Momentum is an all-digital imprint of Pan Macmillan Australia, and Podmentum is their (slightly-awkwardly-named) podcast. While you might anticipate that a book publisher’s podcast would be all about pushing books, it’s really not. They tackle different questions in the publishing industry, pop culture, and of course, sexy politicians. It’s irreverent, awesome fun. Put it this way, when I want to digitally publish anything, I’m going to shoot these guys my manuscript.

Savage Lovecast

Dan Savage is the be-all and end-all of sex advice columnists. This is his podcast. Probably not to be listened to if you are homophobic/most-things-o-phobic, or a little squeamish with anything more than vanilla sex.

 

Culture:

Slate’s Culture Gabfest

Pretty much the be-all and end-all of culture podcasts. Stephen Metcalf, Dana Stevens, and Julia Turner talk about anything and everything that has been happening in pop culture that week. Movies, music, film, books, world events, twerking, you name it, they talk about it. The best part of their analysis is that it never comes off as condescending, and they’ll offer the same level of discernment when discussing Woody Allen’s latest movie as they do Miley Cyrus’ incident or organic chicken farming. It’s fairly U.S.-centric, although they do reach out every now and again. Very much a must-add.

NHR Pop Culture Happy Hour

I haven’t listened to this one as much as Slate’s, but there definitely seems to be a slightly more upbeat vibe to their discussion. There’s usually one more person — quartet to Slate’s trio — and for some reason this gives it a more raucous feel. Which, I should add, doesn’t mean that they can’t debate and deride with the best of them, it’s just a little bit more fun.

 

Entertainment:

My Brother, My Brother, and Me

I have yet to make it through an episode of this podcast without laughing out loud, sometimes to the point of embarrassment in front of my colleagues at work. The premise of the show is that the three Mackelroy brothers do their very best to dispense advice to Yahoo Answers questions. But the real joy is that these brothers just love making each other laugh. Slightly NSFW sometimes, and it can take a few episodes to fall into the rhythm of their humour, but this is one of those podcasts I listen to when I need a break from the more serious ones on my playlist.

Downloadable Content

The Penny Arcade podcast that gets recorded when the creators of the comic are, well, creating the comic. Just like PA TV, itt’s a glimpse into the work process of two guys that know each other and their workflow incredibly well–as they should, they’ve been doing it for over a decade. I just really love listening to the process they go through of tossing ideas around, and spitballing until they get a comic idea that they can go for.

 

Fiction/Stories:

Taleteller Podcast

Clarkesworld Magazine

New Yorker Fiction

Other People

Selected Shorts

The Moth

These are all getting the same description because they all do basically the same thing: tell stories. The New Yorker Fiction podcast is the giant amongst them, and Deborah Treisman is always an amazing host. Clarkesworld is read by a breathy Kate Baker so if you find that kind of delivery annoying (which I sometimes do) then maybe steer clear. Selected Shorts is read by actors and actresses and so the deliveries can really make the stories pop. But they’re all worth a listen, for sure.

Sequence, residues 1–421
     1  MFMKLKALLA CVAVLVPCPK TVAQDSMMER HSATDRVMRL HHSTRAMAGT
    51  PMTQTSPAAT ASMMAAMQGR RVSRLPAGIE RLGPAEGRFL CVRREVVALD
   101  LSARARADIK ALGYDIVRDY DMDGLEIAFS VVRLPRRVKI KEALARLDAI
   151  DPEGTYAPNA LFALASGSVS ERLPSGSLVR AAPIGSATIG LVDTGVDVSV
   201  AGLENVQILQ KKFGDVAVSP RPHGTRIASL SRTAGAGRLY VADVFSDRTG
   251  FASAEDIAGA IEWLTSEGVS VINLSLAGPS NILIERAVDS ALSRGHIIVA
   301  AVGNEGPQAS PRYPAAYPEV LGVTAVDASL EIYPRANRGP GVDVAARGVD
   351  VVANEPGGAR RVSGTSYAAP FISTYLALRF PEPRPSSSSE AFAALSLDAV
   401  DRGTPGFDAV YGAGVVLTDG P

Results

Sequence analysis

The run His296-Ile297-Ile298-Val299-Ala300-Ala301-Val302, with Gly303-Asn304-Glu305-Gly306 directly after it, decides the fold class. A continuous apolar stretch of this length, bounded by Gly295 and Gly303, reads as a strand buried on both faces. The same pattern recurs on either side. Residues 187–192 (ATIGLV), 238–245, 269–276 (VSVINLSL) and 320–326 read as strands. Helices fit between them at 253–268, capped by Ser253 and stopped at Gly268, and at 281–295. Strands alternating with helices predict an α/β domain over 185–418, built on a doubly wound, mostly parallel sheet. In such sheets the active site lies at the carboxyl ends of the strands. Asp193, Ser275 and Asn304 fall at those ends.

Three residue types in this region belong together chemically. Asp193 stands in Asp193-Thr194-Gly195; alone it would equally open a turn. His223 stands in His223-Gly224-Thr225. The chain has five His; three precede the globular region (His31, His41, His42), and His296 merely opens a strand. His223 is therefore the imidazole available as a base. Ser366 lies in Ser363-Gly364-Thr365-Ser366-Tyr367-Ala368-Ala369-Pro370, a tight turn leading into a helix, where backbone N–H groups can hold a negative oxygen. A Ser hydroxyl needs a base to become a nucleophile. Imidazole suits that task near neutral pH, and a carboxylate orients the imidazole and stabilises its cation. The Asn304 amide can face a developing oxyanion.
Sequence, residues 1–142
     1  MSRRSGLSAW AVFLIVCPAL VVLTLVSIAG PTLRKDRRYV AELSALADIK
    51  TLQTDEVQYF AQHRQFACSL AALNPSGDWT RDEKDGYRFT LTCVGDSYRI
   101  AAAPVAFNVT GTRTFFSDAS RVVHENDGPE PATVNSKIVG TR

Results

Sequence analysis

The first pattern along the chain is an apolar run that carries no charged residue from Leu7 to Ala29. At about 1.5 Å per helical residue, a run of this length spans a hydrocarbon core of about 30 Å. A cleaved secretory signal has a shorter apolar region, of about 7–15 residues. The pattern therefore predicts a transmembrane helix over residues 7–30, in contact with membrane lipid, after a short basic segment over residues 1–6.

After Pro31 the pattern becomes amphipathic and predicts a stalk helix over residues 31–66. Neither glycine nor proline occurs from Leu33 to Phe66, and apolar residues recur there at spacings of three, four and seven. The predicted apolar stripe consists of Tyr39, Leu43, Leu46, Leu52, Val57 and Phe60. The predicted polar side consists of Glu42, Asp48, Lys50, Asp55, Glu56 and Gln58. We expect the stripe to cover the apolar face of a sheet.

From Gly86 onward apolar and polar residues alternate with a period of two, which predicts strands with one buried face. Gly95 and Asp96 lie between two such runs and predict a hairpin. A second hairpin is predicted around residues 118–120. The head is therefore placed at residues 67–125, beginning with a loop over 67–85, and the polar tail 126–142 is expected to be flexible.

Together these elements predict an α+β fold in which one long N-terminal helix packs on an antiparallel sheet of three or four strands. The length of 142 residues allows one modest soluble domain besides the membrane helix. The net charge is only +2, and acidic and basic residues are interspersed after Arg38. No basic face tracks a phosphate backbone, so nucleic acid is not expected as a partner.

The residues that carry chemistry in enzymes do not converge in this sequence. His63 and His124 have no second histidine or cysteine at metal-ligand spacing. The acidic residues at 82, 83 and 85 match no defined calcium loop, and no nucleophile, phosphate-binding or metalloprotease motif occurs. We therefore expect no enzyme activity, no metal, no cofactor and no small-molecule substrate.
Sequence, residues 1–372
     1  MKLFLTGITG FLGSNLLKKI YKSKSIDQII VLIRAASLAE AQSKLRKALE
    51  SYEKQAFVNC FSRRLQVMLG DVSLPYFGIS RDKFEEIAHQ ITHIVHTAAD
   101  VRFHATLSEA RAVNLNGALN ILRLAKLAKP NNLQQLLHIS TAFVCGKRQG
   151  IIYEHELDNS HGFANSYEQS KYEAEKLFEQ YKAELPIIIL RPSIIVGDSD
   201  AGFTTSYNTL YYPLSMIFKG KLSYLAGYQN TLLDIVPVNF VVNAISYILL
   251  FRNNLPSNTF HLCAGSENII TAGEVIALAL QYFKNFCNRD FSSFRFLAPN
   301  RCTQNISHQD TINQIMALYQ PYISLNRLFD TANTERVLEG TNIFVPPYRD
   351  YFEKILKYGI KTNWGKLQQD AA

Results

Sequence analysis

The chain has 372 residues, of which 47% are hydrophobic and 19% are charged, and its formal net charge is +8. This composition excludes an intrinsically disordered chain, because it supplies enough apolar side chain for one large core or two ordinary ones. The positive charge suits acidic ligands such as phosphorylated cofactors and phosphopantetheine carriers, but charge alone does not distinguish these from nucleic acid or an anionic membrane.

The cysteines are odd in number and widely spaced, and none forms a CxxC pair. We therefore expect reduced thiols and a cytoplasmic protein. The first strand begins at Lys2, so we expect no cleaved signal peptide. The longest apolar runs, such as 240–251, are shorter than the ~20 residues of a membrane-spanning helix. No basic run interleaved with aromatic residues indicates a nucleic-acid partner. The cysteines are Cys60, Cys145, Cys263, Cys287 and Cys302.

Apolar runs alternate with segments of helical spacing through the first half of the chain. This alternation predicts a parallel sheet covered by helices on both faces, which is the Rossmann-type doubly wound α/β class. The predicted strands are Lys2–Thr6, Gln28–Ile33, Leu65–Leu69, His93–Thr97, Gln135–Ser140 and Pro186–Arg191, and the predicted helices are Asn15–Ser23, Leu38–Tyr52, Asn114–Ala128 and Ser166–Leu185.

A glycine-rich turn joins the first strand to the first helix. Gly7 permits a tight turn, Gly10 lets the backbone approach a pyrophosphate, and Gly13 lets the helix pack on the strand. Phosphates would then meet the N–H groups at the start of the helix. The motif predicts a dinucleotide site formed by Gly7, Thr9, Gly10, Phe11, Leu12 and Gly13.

Recommendations:

Here are recommendations that people have given me, but I haven’t listened to yet/enough to list properly. I’ll move them up once I can recommend them myself. (:

From James Tierney: Guardian Australia Politics Weekly, Crikey Calling, 360Docs, All in The Mind, Cherchez La Femme, Download This Show, Killing Your Darlings, Meanjin, Notes for Coode Street, Off Track and Paper Radio.

From Bronwyn Mehan: Bound Off, Paper Radio, Little Raven, and her upcoming podcast Earworms.

 

 And of course…

mine. The Toothsoup Science Pod aims to take recent scientific discoveries in various fields and make them understandable for the lay person. Have a listen!

 

photo by: brewbooks

SciencePod — Belting Along

Radiation Belts with Satellites

Image credit: NASA

My first post-Spain episode

features an apology for not letting people know where the hell I was for the past month or two, followed by the revelation that the Earth has a secret superpower: the ability to accelerate particles to near light speed using just the power of its magnetic field! Some work by the new NASA Van Allen probes (along with the usual host of scientists and universities) have found that we have our own natural version of the LHC just hanging out there in space. Listen on to find out how this affects our satellite television, and the way they discovered the mechanism behind it all. As usual, transcript and links beyond the jump.

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An Ode to Mushroom Bag Man

MBM

 

 

You’ve seen him

in the shops, hanging about in the vegetable aisles, dressed in brown and blue and etched with creases. His face is perpetually half-hidden by shadow, a top-teeth smile beckoning you forward to see what’s on his tray. Crouched between his arms, just in front of a striped butcher’s apron, are an assortment of domes that might be shrunken heads, might be the dish plate eyeballs of prehistoric lizards. He is The Mushroom Bag Man.

I’m not sure if the MBM is endemic to Western Australia, but if you haven’t been exposed to his creepy grin there’s a picture just up the top there. The stencil-cut design is—at least to myself and Louise—both hilariously baffling and slightly disturbing. Because if you were to choose one image for selling mushrooms, it probably wouldn’t be this one. I might have taken some liberties in the description in the opening paragraph, but it’s not far off. I think the reason the lighting is so off-putting is that in the process of accurately recreating the shadows, they’ve almost completely blanked out his eyes. So when I try and look for the eyes and don’t find them, my gaze is taken straight to that eerie fucking smile. His smile lines conspire to give him the look of someone who, despite the text’s assurance that mushrooms contain vitaman B12, has just chowed down on a juicy bit of steak and forgotten to wipe his chin. Even his posture is a bit off; a half-lean forward, as if offering some seductively evil object to the hero of a fantasy story.